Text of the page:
In what is almost certainly not news to anyone, more American voters than ever — 63 percent of them — now tell the Washington Post-ABCNews poll that rather than “vote to re-elect (their) representative in Congress” in the 2012 election, they instead “are inclined to look around for someone else to vote for.”
Sadly, this Congress does seem to have cornered the world’s known reserves of bile. Consider the recent “debate” between two South Florida House members, Rep. Debbie Wasserman Schultz — who doubles as chairwoman of the Democratic National Committee — and freshman Republican and Tea Party favorite Rep. Allen West.
In a statement on the House floor — when West was not present — Wasserman Schultz characterized West’s support of the Republican plan to cut federal funding for Medicare “unbelievable,” when he “represents thousands of Medicare beneficiaries, as do I.”
Rejecting any advice to turn the other cheek, West, by email and in statements, called Wasserman Schultz “vile, unprofessional, despicable” and “characterless.” For the defense, Rep. Mike Honda, D-Calif., compared West to Terry Jones, “the pastor in Florida who burned the Koran” to provoke “a media frenzy.” Regardless of where you might stand, you’ll agree that the preceding is not to be confused with the Lincoln-Douglas debates.
Washington, believe me, has not always been this poisonous. There was a time, not that long ago, when fierce political opponents could still be personal friends.
In 1986, House Speaker Thomas “Tip” O’Neill, D-Mass., had announced he would retire from Congress. Friends and supporters planned a testimonial dinner to honor the nation’s longest-serving speaker and to raise money for his beloved alma mater, Boston College.
But there was a big problem. The leading Democratic money men in Washington disparaged the idea of a big dinner: Everybody liked Tip, but he was on the way out of office and unable to deliver on any future favors.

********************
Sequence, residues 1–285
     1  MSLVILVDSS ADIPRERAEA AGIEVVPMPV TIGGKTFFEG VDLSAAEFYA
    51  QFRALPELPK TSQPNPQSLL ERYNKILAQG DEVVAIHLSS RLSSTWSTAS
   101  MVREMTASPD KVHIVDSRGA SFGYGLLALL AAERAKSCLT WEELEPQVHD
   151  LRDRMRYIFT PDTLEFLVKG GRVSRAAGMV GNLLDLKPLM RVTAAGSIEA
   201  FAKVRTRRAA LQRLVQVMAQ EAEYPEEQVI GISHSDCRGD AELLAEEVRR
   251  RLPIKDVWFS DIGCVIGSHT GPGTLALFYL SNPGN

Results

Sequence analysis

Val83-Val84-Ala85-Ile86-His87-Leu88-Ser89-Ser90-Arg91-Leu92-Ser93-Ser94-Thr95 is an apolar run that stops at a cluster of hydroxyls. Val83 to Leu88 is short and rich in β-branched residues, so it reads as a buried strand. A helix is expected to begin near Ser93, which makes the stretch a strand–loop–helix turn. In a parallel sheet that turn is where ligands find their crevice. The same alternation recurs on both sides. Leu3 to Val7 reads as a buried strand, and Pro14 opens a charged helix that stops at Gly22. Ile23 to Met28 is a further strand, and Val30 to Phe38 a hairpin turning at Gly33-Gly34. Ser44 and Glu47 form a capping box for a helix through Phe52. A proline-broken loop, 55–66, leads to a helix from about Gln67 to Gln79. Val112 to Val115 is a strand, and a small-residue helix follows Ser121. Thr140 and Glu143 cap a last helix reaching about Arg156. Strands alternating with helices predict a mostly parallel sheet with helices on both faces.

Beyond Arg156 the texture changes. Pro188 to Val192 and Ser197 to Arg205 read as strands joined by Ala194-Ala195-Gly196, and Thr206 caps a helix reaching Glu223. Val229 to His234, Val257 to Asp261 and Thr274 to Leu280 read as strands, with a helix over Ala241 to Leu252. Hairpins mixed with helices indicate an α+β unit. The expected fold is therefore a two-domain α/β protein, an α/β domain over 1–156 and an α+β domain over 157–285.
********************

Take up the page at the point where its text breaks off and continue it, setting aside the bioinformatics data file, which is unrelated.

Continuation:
The two women organizing the dinner understood that to overcome such attitudes, they needed a Big Name to chair the dinner. The call was made to former President Gerald Ford, who had been House Republican leader when O’Neill had been House Democratic leader and, more important, was a close personal friend.
Ford did not hesitate. Of course he would be happy to chair the event, and, yes, he would be there. His personal check was in the mail. With Ford on board, the next call was to Mike Deaver in President Ronald Reagan’s White House. Yes, the Republican president would attend the dinner honoring his political nemesis, the Democratic speaker.
It was one of Washington’s grandest evenings. A paid crowd of 2,200 (at $1,000 a ticket) filled the Washington Hilton ballroom to hear Reagan observe: “To be honest, I’ve always known Tip was behind me — even if it was only at the State of the Union address. As I made each proposal, I could hear Tip whispering to (Vice President) George Bush: ‘Forget it. No way. Fat chance.’” He continued, “Mr. Speaker, I am grateful you have permitted me in the past, and I hope in the future, the singular honor of calling you my friend.”
But the man who made the memorable evening — and $2 million to Boston College — at all possible was Ford, who stepped up and who had so much personally in common with O’Neill. Both men were total strangers to self-importance. Neither man had even a trace of hate in him. They wasted no time at all worrying about what the media were saying about them.
President Ford and Speaker O’Neill, great political adversaries and great personal friends in a Washington, D.C., I really miss.
— Mark Shields is one of the most widely recognized political commentators in the United States. The former Washington Post editorial columnist appears regularly on CNN, on public television and on radio. Click here to contact him.